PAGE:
|Citronella candles are not only mosquito repellent. Light some of these candles in places the bees have been spotted, and repeat this for a few days. The bees will eventually decide to move elsewhere.||Just like people, bees don’t like the smell of mothballs. By hanging the mothballs in the garden or other places where bees gather, they will move to a different location.|
|Keep the lawn and garden well-watered. Since bumblebees prefer dry and sandy locations, they’ll want to leave if it becomes too wet. This is also a good method to use to prevent them from building nests.||Grow bee-repelling plants, particularly mint and evergreens that emit a piney scent. It also makes sense to include plants that do not require pollination - like ferns and mosses.|
Will The Bees Damage the House?
Bumblebees are not like Carpenter Bees. They won’t chew through wood or boreholes. They won’t cause any kind of structural damage because they only use available material to build their nests. If bumblebees do happen to get into the house, it is likely just an accident, and they will probably try to find an escape route very quickly.
How Long Will A Bumblebee Nest Remain Active?
The bumblebee lifecycle is only one season. At the end of the summer, the original queen and her offspring (worker females and male drones) will die. Any new queens will leave the nest to find mates, and then find a place to hibernate until the next spring. When they do emerge, they will look for a nest to lay their eggs. So, it is only a few months that the nest is active. Prevent the new queens from using the nest that is left behind, by sealing up the entrance hall. It is important to make sure that all of the bees have exited before it is closed off.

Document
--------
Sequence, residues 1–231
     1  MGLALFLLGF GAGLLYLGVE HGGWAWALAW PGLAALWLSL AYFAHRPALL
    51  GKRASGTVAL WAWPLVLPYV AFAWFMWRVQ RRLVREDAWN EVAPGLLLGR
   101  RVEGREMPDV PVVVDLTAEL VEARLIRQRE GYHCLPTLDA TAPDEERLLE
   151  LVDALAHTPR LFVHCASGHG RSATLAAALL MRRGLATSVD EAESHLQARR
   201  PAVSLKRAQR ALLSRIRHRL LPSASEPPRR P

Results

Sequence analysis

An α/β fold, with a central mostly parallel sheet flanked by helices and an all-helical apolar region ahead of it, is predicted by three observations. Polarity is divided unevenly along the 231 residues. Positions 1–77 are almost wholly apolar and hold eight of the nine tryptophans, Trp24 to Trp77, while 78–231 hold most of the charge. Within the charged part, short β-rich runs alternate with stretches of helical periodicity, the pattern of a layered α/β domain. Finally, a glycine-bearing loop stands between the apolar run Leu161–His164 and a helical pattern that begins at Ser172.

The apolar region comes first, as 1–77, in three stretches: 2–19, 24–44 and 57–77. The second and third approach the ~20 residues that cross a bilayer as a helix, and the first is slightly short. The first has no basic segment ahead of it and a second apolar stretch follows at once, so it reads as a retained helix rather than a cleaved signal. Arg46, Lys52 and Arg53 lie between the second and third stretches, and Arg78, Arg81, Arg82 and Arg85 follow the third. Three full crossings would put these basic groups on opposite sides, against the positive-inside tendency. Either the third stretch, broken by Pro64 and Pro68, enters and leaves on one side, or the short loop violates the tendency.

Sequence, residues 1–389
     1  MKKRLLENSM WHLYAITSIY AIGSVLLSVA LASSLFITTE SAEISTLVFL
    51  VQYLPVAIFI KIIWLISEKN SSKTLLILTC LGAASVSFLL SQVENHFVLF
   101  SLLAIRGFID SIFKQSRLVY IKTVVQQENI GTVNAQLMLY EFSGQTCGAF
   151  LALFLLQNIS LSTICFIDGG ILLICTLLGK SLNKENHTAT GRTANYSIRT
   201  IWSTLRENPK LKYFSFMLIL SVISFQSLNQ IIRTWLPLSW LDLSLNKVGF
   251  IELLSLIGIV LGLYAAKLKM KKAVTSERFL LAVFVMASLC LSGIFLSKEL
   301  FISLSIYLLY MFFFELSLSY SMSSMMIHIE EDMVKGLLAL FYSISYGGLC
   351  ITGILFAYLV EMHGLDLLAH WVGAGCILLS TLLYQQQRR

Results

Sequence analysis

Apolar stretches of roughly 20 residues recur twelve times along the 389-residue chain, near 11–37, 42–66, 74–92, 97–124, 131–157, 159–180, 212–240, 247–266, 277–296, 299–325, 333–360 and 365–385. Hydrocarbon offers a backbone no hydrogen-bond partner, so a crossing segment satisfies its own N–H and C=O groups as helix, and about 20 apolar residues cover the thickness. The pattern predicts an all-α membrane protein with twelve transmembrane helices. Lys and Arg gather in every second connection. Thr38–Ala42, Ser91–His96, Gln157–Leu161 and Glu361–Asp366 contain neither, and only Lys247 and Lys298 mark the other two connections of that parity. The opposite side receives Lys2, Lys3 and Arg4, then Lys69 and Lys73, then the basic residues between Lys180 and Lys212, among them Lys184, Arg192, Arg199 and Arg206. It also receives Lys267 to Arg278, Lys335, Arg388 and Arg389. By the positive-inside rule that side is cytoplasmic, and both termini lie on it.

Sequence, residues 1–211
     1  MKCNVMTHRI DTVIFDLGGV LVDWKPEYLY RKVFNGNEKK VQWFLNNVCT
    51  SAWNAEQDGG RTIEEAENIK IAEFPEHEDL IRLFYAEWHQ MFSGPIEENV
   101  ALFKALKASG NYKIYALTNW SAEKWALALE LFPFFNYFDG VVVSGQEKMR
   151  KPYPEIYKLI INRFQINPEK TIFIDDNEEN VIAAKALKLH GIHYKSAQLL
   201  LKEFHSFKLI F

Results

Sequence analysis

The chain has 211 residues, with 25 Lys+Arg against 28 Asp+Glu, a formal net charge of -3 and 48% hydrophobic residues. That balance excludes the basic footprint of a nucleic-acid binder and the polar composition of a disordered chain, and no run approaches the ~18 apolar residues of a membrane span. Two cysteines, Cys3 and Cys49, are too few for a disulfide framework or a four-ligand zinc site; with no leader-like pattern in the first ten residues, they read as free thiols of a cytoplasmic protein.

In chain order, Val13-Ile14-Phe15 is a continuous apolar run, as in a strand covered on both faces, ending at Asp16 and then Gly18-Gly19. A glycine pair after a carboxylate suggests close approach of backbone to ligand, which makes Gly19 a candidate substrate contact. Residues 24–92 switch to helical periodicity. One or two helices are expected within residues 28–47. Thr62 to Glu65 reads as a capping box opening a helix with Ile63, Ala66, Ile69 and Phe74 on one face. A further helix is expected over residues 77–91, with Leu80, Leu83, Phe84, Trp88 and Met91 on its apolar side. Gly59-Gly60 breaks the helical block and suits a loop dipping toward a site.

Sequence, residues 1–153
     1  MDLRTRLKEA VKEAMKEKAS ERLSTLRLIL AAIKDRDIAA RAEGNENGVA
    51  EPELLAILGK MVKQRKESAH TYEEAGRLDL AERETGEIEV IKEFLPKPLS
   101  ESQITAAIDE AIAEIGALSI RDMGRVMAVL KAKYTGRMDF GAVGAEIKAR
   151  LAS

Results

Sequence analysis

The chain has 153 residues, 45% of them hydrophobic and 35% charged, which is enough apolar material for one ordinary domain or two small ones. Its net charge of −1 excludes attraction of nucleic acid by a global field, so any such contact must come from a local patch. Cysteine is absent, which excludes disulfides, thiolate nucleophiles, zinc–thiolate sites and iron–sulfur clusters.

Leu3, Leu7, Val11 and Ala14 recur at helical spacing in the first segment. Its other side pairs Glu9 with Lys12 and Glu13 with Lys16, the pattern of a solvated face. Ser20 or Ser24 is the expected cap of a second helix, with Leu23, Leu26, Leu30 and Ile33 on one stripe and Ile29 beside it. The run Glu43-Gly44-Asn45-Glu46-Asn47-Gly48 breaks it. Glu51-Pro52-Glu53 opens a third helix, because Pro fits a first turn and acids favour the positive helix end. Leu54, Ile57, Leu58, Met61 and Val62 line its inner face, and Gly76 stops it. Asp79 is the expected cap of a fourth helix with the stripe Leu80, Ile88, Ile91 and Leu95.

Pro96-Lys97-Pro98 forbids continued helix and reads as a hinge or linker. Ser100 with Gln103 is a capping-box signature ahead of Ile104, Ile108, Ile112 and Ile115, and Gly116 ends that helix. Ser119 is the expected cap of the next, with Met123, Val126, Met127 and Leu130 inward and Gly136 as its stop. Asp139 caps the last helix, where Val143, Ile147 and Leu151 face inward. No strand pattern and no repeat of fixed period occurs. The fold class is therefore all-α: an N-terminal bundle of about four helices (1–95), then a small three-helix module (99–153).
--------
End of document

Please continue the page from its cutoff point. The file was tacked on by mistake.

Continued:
Is a Bumblebee Nest Dangerous to Pets or Children?
Bumblebees act defensively only when their nests are disturbed, but children and pets usually have little awareness about the consequences of their actions. But unless your little ones have bee allergies, it is best not to instil fear about bumblebees.
The best thing to do is to put a barrier in place a few yards from the nest to ensure children and pets do not accidentally disturb the colony. If it is not possible to put up a barrier, there are ways to divert the entrance to the nest so that the bees can come and go in a way that won’t interfere with the activity of your two-legged and four-legged loved ones.
Can a Bumblebee Nest Be Moved?
Most experts agree that no one should not attempt to move a bumblebee nest unless there are extreme circumstances. It would be up to each individual to determine what would make such circumstances extreme, but there are many reasons why one should not move a bumblebee nest.
First, they are very difficult to move. Most nests are in inconvenient locations. Second, it is quite dangerous to try to move a nest. The work would need to begin in the dark because that is when the bees will be the most “tame.” Bumblebees do not fly in the dark but human vision isn’t exactly ideal in dark conditions.
But the most sensible reason we shouldn’t move a bumblebee nest is that it probably won’t be worth the trouble. Bumblebees are not likely to pose a threat unless their nests are disturbed; they are not actively trying to wreak havoc on the human race. Also, the nest will be viable for only a few months since bumblebees either die at the end of the summer or the new queens leave to mate and prepare for hibernation.